Florida Statute 718.112 – Board Member Votes
A board or committee member's participation in a meeting via real-time videoconferencing, Internet-enabled videoconferencing, or similar electronic or video communication counts toward a quorum and that such member may vote as if physically present; prohibiting the board from voting via e-mail.

Florida Statute 718.116 – Joint & Several Liability For Assessments
The term “previous owner” (in the phrase “a unit owner is jointly and severally liable with the previous owner for all unpaid assessment that came due up to the time for transfer of title”) has been clarified to NOT include an association that acquires title though foreclosure or deed in lieu of foreclosure. And, the present owner's liability for unpaid assessments is limited to any unpaid assessments that accrued before the association acquired title to the delinquent property through foreclosure or by deed in lieu of foreclosure.

Florida Statute 718.117 – Condo Terminator
If the plan of termination fails to receive the required approval, the plan shall not be recorded and a new attempt to terminate the condominium may not be proposed at a meeting or by solicitation for joinder and consent for 180 days after the date that such failed plan of termination was first given to the owners.

Florida Statute 718.707 – Bulk Buyer Extension
A person acquiring condominium parcels may not be classified as a bulk assignee or bulk buyer unless the condominium parcels were acquired on or after July 1, 2010, but before July 1, 2016. This changed from July 1, 2015 to July 1, 2016.

Florida Statute 718.112(2)(A)(2) – Bylaws – Response To Unit Owner Clarified
When a unit owner of a residential condominium files a written inquiry by certified mail with the board of administration, the board shall respond in writing to the unit owner within 30 days after receipt of the inquiry. The board's response shall either give a substantive response to the inquirer, notify the inquirer that a legal opinion has been requested, or notify the inquirer that advice has been requested from the division. If the board requests advice from the division, the board shall, within 10 days after its receipt of the advice, provide in writing a substantive response to the inquirer. If a legal opinion is requested, the board shall, within 60 days after the receipt of the inquiry, provide in writing a substantive response to the inquiry. The failure to provide a substantive response to the inquiry as provided herein precludes the board from recovering attorney's fees and costs in any subsequent litigation, administrative proceeding, or arbitration arising out of the inquiry. The association may, through its board of administration, adopt reasonable rules and regulations regarding the frequency and manner of responding to unit owner inquiries, one of which may be that the association is only obligated to respond to one written inquiry per unit in any given 30-day period. In such a case, any additional inquiry or inquiries must be responded to in the subsequent 30-day period, or periods, as applicable.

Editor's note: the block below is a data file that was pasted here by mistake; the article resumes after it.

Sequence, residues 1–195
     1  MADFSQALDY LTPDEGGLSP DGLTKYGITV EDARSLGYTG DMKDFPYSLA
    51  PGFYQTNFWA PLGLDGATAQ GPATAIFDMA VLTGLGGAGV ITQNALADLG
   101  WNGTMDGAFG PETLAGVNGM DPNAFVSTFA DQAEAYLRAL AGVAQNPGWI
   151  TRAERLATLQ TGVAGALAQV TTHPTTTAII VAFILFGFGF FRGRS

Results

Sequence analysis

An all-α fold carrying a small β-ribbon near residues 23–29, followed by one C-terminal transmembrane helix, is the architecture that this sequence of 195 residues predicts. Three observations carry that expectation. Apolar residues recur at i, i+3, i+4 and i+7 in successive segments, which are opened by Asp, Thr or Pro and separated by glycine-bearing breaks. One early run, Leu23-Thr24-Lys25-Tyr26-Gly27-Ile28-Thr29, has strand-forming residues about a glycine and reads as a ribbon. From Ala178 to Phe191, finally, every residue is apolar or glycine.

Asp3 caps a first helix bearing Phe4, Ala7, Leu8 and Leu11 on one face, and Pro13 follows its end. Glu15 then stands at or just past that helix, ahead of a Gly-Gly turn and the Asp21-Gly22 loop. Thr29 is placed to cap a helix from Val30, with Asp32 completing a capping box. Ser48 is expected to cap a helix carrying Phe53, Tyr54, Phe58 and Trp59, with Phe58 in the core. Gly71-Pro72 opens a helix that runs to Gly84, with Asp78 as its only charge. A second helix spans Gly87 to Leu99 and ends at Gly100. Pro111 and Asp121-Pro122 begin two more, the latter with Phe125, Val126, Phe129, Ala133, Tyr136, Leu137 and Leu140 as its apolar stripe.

Florida Statute 718.112(2)(B)(2) – Proxy Clarification
Clarifies that owners of a residential condominium may not vote by general proxy, but may vote by limited proxies substantially conforming to a limited proxy form adopted by the division. Residential condominium owners may not use proxies, general or limited, for elections.

Florida Statute 718.1255 – Nonresidential Condominium Associations
Exempting nonresidential condominiums from mandatory arbitration unless specifically provided for in their declarations.

Florida Statute 718.403 – Developer Changes
Relating to the authority to develop a condominium in phases; authorizing the developer to modify the plot plan as to unit or building types; limiting the circumstances under which a plot plan may be modified as to a residential condominium to only the extent that such changes are described in the declaration; specifying the provisions relating to phase condominiums that are inapplicable to nonresidential condominiums specifically paragraphs (2)(b)-(f).

For a complete recap of the new changes, be sure to stay tuned for our 2014 legal update!

About the Author

Jane F. Bolin, Esq.

Founding Member, Managing Partner